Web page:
I just finished to binge Deutschland 86. While I really enjoyed both seasons a lot, I'm now left with mixed emotions about the second. But that might have a lot to do with the kind of person I am.
Born in West Germany in 65, I came of age in the 80's. The wall has been build before I was born and it came down when I have been at the peak of my political coming-out. Looking back on that period of my life has me smiling a lot today - what did I know at the time? And it also had me to understand things and conditions which I took as "normal" then in a quite different perspective. And perspective is somehow relevant here.
I enjoyed season 1 quite a lot, because I has been very close to the life I used to live at the time it played. I have been one of the many at the peace rally in Bonn 1983 (Vor 35 Jahren in Bonn - 500.000 protestierten gegen Nato-Doppelbeschluss)
my brother has been a student at the University (and still lives in Bonn) and had his own share in the planning of the largest rally in the history of the "Bonn-Republic". I opposed being drafted to the military (and had to do community service instead) - and I had family living behind the wall - as many in West Germany - so the political conditions have been cutting deep into private lives as well.
I don't want to to "approve" the series as "authentic" or "real". In no way! But it's very good entertainment on the backdrop of the early eighties - and not too far off not to provide one or the other flashback to people who have been part of it.
Acting, production design, soundtrack... all that has been some of the best I have ever seen in a (serial) German TV production. So I became quite attached to it and have been curiously waiting for season 2 ever since.
So when season 2 (86) episode 1 came up on my device, it had me confused. Angola, of all places? What is this going to be all about? I know a bit or two about South Africa and Apartheid. The series had the historical facts all pretty much right. But the spy-story around Martin (Jonas Nay) and aunt Lenora (the absolutely wonderful Maria Schrader) could as well have been part of another Jack Ryan spin-off. Angola, South-Africa, Lybia, France? Really?
It really confused me, before it later even disappointed, because that detour consumed far too much screentime (beautiful filming, though, although just repeating cliches you have seen in plenty of other places) which it took away from the main story: The slow but steady break down of the walled-in German Democratic Republic and the desperate response of it's leaders to conditions they weren't able to control (anymore) - while their people tried hard just to go on with their lives.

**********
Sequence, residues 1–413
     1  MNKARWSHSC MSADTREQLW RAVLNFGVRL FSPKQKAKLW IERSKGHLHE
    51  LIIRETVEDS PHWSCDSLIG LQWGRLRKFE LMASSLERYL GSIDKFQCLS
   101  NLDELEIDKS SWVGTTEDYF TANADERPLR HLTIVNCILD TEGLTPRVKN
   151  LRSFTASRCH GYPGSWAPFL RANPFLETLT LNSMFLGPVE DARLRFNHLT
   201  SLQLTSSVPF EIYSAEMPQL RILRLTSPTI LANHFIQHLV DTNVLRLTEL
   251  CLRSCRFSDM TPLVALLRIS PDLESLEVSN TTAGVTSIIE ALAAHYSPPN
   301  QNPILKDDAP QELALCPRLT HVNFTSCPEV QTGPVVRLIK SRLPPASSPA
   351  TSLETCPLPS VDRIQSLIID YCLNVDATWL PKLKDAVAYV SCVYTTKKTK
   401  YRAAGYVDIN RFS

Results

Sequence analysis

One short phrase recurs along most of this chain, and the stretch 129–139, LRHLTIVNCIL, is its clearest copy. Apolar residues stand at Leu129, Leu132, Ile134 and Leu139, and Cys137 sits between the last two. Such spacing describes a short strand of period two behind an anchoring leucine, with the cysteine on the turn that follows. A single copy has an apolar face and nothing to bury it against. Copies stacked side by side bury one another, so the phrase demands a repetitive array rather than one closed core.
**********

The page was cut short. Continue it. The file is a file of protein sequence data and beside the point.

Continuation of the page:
But ONE thing I absolutely loved about the (South-)African endeavors: The absolutely spectacular and wonderful Florence Kasumba
! She's been growing up on the very same streets as I did. So there's more that a lot of hometown pride involved whenever I'm able to see her on TV (Tatort!) or the Hollywood-blockbusters she's been so successful with lately. I am a BIG fan!
Whenever the episodes returned "home" to Deutschland, they found their peaks in the story. Great, and I really mean it, great acting all across the ensemble. (Another eternal top favorite of mine: Fritzi Haberlandt
The authenticity of the (Berlin/DDR) filming is probably second only to "Berlin Station & Babylon Berlin", two other "Berlin" productions I follow - while the first works on the backdrop of "today, the latter uses much of a computer generated historical picture - because the challenges to recreate parts of a specific historic scenery - which is still been crushed and "capitalismized" in the last 30 years did succeed - at least as much as I can verify it from my own memory. I really appreciate when the backdrop of a story is as important as the lead actors. Here, it simply works very well!
I don't want to be too enthusiastic about the whole package. Looking to the US competition, the Germans still have a long way to go. But as much as the average German TV production is concerned, Deutschland 83/86 did set a new standard for a new generation of German film-makers... That's absolutely promising. The toughest challenge for productions lite this ones are clearly to be found in the writers-room and with their show-runners.
I am now looking forward to Martin, Lydia & Scheppenstette finally bringing down the wall in "Deutschland 89". That third season has to materialize, if anyone is listening at amazon...
My ratings (over all):
Season 1 = 4*/5*
Season 2 = 3*/5* (plus 1* only for the Berlin scenes)
Soundtrack = 5*/5* (it's really just so good!)
PS.: Other recommendations to the subject: The Lives of Others (2006)
& Weissensee (2010-2018)
!TV series point